The western edge of North America has long puzzled geologists from around the world. Some of the most basic questions remain to be resolved: what caused the uplift of the Rocky Mountains? How did the Colorado plateau, a vast region of relatively undeformed rock, escape extensive folding and faulting? Further west, the Great Basin is a vast region where the land between the Sierra Nevada in California and the Colorado Plateau has been stretched to horizontally over twice its original extent. Why did this stretching occur?

(For a geographic overview of western North America, take a look at this sketch.)

Although it will take years of work to answer these questions, a recent study has cast some light on the relationship between plate tectonics, the Sierra Nevada, and the Basin and Range.

The geologic history as we understand it is complex, but the basic idea is simple, and revolves around a geologic plate that no longer exists on Earth’s surface – the Farallon Plate. Twenty million years ago, this oceanic plate was being subducted beneath the North American continent.

South America is currently experiencing this type of tectonic environment. There, the subduction of the Pacific Plate beneath the South American plate has resulted in the uplift of a vast plateau. The Altiplano, as the plateau is called, runs parallel to the coast and is, on average, 500 km wide and 3,800 meters high.

The American Altiplano

Now, scientists believe they have evidence that a similar plateau once existed in what is now Nevada. The University of Idaho team that announced the discovery used measurements of hydrogen isotopes to reconstruct the elevation of rocks now located in the Basin and Range region.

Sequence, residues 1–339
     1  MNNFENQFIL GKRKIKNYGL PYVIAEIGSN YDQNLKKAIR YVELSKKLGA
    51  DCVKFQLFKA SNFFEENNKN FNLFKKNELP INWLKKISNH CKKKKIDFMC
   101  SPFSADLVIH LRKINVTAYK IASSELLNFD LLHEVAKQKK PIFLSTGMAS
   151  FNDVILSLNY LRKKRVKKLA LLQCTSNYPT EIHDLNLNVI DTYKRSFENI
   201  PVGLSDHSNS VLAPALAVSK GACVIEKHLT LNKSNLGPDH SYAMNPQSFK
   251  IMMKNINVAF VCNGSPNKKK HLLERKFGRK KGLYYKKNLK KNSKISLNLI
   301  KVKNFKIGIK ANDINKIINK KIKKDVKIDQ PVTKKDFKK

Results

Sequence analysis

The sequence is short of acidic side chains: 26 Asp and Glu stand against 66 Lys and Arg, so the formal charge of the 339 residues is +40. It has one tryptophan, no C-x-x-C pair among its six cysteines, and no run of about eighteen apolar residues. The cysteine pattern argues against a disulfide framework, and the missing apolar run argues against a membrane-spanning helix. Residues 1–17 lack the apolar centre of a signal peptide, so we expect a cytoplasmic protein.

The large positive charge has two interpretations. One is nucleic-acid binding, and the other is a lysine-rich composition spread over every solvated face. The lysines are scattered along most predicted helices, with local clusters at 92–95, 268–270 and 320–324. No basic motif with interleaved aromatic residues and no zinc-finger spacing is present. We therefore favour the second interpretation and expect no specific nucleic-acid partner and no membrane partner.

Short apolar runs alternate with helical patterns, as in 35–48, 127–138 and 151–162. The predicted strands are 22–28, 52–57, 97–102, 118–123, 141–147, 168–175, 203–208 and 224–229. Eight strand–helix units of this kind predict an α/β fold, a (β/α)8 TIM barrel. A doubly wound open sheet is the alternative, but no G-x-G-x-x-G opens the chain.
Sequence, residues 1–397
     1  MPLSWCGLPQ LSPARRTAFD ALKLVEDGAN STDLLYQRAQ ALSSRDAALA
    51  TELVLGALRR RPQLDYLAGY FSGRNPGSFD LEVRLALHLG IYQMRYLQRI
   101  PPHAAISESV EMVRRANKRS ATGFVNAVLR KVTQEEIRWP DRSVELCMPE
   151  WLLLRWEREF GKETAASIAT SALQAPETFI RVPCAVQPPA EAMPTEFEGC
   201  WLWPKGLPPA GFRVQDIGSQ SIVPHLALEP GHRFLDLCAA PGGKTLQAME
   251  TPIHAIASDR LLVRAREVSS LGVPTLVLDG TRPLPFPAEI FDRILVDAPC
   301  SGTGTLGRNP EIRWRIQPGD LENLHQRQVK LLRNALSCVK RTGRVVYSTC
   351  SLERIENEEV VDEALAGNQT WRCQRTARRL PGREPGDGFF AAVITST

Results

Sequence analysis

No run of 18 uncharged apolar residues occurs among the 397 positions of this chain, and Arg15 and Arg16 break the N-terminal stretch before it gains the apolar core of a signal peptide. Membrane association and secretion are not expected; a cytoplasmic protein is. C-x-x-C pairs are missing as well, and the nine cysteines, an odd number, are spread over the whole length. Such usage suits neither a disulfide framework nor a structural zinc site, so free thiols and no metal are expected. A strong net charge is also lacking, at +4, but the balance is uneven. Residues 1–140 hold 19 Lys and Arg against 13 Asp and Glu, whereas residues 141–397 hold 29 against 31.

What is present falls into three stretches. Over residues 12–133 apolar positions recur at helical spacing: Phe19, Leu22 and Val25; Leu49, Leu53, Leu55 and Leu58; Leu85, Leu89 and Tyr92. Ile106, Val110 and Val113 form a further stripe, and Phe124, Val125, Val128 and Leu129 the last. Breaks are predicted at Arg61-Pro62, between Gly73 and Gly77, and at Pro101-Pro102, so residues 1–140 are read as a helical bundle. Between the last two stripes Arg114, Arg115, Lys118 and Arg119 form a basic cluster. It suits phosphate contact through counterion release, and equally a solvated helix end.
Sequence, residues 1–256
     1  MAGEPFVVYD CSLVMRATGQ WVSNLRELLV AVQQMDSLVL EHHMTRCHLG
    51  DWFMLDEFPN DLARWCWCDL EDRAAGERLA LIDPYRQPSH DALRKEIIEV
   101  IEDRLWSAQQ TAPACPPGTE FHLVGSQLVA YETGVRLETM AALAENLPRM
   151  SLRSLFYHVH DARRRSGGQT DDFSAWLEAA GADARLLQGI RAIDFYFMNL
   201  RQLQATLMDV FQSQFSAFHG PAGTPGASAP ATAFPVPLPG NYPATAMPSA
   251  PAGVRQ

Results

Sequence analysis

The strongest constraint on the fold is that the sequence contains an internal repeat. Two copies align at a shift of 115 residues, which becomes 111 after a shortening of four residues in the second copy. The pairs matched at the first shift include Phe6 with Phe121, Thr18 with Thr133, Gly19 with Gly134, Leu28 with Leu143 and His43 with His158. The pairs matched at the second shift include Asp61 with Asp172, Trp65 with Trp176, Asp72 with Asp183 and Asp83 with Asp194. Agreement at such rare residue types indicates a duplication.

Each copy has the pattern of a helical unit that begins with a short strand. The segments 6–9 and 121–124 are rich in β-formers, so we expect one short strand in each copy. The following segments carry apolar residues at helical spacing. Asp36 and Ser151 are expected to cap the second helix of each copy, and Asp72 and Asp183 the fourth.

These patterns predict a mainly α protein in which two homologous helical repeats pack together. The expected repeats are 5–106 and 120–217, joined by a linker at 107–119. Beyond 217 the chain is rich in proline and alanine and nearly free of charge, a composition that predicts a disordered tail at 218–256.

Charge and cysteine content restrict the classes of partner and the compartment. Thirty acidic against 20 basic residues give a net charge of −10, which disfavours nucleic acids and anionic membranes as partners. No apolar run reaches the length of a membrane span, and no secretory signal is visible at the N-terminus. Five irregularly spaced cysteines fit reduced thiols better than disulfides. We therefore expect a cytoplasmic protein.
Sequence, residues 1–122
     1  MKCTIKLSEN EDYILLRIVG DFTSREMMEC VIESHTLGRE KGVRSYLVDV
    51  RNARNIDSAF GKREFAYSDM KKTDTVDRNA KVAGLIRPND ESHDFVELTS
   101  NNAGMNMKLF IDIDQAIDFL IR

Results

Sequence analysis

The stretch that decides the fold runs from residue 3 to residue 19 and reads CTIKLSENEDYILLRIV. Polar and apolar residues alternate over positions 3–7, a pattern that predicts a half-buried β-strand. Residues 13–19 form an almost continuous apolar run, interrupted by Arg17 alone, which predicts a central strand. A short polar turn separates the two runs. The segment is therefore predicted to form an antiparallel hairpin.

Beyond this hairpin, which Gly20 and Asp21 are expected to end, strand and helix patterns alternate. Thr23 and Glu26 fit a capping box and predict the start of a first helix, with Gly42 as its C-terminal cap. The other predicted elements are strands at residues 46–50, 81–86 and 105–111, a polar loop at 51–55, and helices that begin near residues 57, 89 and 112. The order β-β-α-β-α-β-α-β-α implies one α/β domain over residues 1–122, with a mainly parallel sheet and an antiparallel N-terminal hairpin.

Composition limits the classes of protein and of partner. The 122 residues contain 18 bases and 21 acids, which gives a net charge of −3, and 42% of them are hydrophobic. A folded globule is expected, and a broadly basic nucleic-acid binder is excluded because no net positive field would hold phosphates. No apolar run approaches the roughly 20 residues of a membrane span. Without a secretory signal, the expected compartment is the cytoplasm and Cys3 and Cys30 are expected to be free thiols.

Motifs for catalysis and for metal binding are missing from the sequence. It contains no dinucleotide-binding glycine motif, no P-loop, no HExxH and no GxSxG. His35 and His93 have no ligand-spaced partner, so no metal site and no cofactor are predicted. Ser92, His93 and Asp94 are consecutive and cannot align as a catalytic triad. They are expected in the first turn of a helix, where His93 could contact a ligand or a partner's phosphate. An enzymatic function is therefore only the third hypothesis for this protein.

It may seem unusual that hydrogen can tell us anything about elevation. Here’s how it works:

20 million years ago, as moisture moved in from the west, it would have been forced upward over the high elevations of the Sierra Nevada and the highlands of Nevada. As the moisture rose, it cooled, resulting in rainfall in the mountains. The tiny difference in weight between water molecules containing heavy hydrogen isotopes and those containing light isotopes means that the heavy molecules come out of the clouds at a lower elevation.

The team was lucky to identify a large volcanic ash deposit that contained some of this ancient precipitation. By measuring the isotopes of hydrogen across the geographic range of the deposit, they were able to reconstruct the ancient topography (learn more about their methods here).

The results are startling: not only did Nevada contain a high plateau – in addition, with a maximum height of 3,500 meters, that plateau was much higher than any highland region in North America today.

How could such a large plateau have completely disappeared?

About 20 million years ago, the Farallon plate was completely subducted beneath North America. The resulting changes in the tectonic environment led to the formation of the San Andreas Fault and caused the collapse of the “Nevadaplano”.